Value is an odd word because it means different things to different people. I much prefer the French term ‘qualité prix’, which clumsily and obviously translates to ‘quality price’ and, as is often the case in French, is more informative than our English expression.
I spend around half of my life writing about great value wines and the rest writing about so-called fine wines where price is rarely the primary concern. It is worth noting that wealthy wine drinkers are as aware of value as the rest of us. I have never met a person, with DRC, Latour or Salon in their cellars who drinks these wines every day. We all like to find great wines at fair prices, regardless of our circumstances, and I seem to expend most of my ink on bottles under the fifteen quid mark. Of course, in the UK, we major on sparkling wines which, by virtue of their category, don’t necessarily conform to the ‘great value’ mantra. In their own competitive set, we are blessed with sparklers which clearly represent value propositions against all manner of foreign fizz, but ‘great value’ implies a cheaper price point than even our lowest priced sparkler can muster. I have found you three incredibly rewarding wines this month, which I think not only sum up the hollow term great value, but also comfortably conform to the lofty French lingo qualité prix. It is clear that we need many more wines like these in our armoury to try to put our bottles on dining room tables with more regularity. Perhaps these wines will inspire more wineries to raise their game as well as carefully lowering their prices.
2017 Flint Dry
There is no doubt that size of production and penetration in the market are fabulous cornerstones in order for a winery to provide its adoring public with value-driven wines. I doubt we will ever see rafts of English wines under the tenner mark, but Flint Dry gets very close and I have been a huge fan of this wine since it first appeared on our shelves. Winemaker Josh Donaghay-Spire notes that he builds this wine from a base of 52% Chardonnay and 5% Pinot blanc and they both go through malolactic fermentation. This base represents the mid-palate of this wine and it is indeed sleek and juicy. But it is the 25% Bacchus, 8% Huxelrebe, 4% Reichensteiner, 4% Müller-Thurgau and 2% Pinot noir which form the aromatic vanguard and titillating finish and this rabble of grapes does a brilliant job in bookending the central core with vibrancy and verve. There was a time when this wine languished on the shelves and was, on occasion, a few years old by the time customers drank it. These days, people are queueing up for the new vintage release every year! It is a remarkable achievement for this professional outfit.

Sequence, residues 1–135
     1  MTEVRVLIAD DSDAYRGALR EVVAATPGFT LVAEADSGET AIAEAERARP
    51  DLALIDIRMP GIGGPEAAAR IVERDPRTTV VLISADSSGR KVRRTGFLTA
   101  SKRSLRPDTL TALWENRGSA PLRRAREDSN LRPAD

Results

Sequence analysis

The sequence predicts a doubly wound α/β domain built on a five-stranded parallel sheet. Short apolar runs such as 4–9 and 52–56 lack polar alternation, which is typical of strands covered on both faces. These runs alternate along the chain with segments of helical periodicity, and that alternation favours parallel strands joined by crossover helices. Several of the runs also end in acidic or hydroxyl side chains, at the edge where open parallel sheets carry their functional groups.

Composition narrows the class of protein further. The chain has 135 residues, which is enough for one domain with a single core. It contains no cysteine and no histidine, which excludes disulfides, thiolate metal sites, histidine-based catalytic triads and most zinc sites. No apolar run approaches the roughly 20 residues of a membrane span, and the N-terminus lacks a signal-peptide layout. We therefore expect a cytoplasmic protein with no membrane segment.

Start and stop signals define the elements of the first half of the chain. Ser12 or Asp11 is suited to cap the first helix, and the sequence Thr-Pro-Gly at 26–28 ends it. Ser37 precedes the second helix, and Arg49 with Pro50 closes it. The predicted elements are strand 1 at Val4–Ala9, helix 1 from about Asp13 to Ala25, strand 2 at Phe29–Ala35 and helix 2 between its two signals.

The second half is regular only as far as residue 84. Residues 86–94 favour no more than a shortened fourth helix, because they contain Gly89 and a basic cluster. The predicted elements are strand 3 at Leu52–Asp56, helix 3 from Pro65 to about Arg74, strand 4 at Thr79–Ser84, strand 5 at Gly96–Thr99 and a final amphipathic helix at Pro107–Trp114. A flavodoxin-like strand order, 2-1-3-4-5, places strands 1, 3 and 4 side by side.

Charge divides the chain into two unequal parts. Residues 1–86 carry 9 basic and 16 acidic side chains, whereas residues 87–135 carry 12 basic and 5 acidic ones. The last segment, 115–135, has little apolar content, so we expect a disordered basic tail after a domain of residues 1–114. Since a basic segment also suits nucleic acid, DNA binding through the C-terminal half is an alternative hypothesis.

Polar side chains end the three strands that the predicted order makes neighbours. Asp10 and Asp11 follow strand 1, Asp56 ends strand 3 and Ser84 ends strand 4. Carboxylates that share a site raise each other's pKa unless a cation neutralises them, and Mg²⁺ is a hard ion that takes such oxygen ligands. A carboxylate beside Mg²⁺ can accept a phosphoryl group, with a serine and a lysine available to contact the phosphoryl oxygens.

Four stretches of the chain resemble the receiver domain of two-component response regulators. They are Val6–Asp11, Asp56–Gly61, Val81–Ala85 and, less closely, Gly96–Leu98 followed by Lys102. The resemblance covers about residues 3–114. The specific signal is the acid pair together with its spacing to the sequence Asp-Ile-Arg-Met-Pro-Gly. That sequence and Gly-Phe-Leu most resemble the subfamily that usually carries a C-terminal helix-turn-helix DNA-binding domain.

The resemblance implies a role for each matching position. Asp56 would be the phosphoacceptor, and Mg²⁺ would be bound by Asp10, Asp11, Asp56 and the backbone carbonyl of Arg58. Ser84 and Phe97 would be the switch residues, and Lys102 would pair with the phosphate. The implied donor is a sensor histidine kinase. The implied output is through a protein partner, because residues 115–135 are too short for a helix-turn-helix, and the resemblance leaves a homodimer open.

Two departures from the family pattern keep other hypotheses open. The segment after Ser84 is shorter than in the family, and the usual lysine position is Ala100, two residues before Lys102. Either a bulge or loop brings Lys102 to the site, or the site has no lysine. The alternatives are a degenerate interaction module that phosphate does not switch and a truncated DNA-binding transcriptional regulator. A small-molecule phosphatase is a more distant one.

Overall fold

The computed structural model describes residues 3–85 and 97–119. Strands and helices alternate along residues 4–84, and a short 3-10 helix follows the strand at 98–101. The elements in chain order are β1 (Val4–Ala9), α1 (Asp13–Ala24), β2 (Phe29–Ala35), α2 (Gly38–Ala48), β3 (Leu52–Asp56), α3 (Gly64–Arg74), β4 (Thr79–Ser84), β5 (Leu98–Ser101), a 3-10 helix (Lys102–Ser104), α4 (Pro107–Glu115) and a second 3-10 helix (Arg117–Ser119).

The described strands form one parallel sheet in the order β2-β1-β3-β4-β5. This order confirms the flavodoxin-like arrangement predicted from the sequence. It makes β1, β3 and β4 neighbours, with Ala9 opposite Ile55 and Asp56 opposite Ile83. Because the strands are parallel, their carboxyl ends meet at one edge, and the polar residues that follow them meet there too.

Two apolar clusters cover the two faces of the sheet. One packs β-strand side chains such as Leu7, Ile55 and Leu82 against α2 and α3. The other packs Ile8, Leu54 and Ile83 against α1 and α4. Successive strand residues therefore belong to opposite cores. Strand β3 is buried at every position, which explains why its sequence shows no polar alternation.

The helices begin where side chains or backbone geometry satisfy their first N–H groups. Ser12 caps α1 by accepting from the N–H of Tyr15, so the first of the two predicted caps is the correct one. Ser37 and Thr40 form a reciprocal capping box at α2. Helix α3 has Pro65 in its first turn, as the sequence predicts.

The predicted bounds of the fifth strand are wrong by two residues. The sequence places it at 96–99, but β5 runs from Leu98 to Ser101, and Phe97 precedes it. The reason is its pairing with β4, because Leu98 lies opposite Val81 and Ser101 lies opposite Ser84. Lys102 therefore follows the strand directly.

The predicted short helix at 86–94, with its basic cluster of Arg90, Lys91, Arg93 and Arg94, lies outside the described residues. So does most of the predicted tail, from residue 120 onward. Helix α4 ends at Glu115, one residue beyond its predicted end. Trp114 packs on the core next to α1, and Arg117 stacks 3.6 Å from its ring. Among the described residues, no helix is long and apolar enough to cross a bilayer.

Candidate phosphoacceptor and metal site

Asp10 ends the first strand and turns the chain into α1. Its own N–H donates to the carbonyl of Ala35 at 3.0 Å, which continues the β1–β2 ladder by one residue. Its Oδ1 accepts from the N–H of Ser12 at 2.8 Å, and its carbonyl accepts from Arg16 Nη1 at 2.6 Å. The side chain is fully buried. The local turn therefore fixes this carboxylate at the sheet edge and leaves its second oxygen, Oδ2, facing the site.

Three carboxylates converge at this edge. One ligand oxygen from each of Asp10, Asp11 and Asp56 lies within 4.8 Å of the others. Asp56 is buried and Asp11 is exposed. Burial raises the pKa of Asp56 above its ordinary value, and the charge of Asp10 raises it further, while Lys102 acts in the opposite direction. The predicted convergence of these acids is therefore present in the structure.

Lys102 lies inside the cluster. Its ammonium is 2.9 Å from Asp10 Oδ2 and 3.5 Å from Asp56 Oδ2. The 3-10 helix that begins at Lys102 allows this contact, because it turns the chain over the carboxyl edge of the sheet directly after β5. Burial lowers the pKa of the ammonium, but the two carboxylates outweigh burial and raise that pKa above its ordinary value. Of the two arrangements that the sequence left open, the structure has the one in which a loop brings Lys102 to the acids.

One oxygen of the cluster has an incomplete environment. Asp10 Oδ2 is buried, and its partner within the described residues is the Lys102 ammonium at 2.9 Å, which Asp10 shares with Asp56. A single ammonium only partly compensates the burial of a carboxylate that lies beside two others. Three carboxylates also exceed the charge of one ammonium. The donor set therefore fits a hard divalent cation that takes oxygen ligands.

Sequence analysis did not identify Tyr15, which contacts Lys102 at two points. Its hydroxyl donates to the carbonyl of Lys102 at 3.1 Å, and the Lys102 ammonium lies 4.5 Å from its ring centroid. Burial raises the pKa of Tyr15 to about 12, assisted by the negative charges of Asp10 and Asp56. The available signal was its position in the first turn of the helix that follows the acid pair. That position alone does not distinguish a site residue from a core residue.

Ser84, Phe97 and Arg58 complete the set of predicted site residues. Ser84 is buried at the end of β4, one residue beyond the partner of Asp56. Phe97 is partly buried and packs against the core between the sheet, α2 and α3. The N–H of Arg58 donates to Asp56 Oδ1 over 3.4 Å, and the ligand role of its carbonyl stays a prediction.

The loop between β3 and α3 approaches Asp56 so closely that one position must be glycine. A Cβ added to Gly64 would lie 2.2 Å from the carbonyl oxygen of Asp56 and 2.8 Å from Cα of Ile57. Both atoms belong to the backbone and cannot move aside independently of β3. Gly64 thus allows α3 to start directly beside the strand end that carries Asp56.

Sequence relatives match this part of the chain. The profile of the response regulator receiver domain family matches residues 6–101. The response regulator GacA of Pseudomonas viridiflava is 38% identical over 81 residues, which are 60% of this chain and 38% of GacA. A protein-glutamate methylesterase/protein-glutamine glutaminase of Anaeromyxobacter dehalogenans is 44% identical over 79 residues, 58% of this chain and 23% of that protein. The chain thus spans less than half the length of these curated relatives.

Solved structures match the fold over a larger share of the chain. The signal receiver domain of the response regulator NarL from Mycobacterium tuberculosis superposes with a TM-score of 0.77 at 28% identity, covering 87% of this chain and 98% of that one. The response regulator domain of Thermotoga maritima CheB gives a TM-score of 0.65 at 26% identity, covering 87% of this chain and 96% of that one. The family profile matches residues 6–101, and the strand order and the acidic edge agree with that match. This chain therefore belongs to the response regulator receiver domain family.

2017 White Pinot Noir
Alison Nightingale, co-owner and manager of Albourne is disarmingly honest about her delightful wines. She told me that this wine came about a little by accident. In 2013 she tried to make a rosé with some of the ‘taille’ cut (the coarser pressing) from her Pinot noir grapes but the final wine lacked colour and aromatic intensity so she called it White Pinot Noir and it was really popular. Only producers who whole bunch press all their grapes can produce this type of wine as de-stemming and crushing would change the colour and character completely. I asked her about her competitive pricing policy and she simply said that she wants to offer great value for money. Taking a leaf out of the French phrase book this is Alison verbatim – “we strive to produce the best quality we can at the best price we can”. Obviously, this is music to our ears. She continued: “English wine needs to be established as a regular choice, not a very occasional try-this-once-because-it’s-local choice”. With these mantras in place, backing up a flavour which is truly enthralling and unique, Albourne is set for stardom.
2016 Classic Ferment Ortega
Another wise and informed member of our wine community is Adrian Pike, managing director at Westwell Wine Estates. He makes the point that he visits his pricing structure each year, looking at costs in the vineyard and winery, across production and marketing, as well as what’s happening in the market and then matches these to his wines, ensuring that they maintain a reasonable price. He says that he has a very loyal, local customer base and that he wants to continue to develop this by remaining affordable to as many people as possible. My favourite line from Adrian is: “at £12.95, I think we hit the sweet spot with this wine – a balance between offering an affordable product while allowing us to grow as a business”. Three cheers sir, because this price is exactly right for this heavenly wine. I love this Ortega with its gentle, meadow flower notes and magical texture. Westwell builds complexity in this wine by using stainless steel, old oak and their own branded amphora for fermentation. Ortega always seems like a temptress with its primal urges very much under control. Demure but also unmistakably attractive, this is a beautiful wine and it is about as handmade and English as it gets in terms of perfume and palate.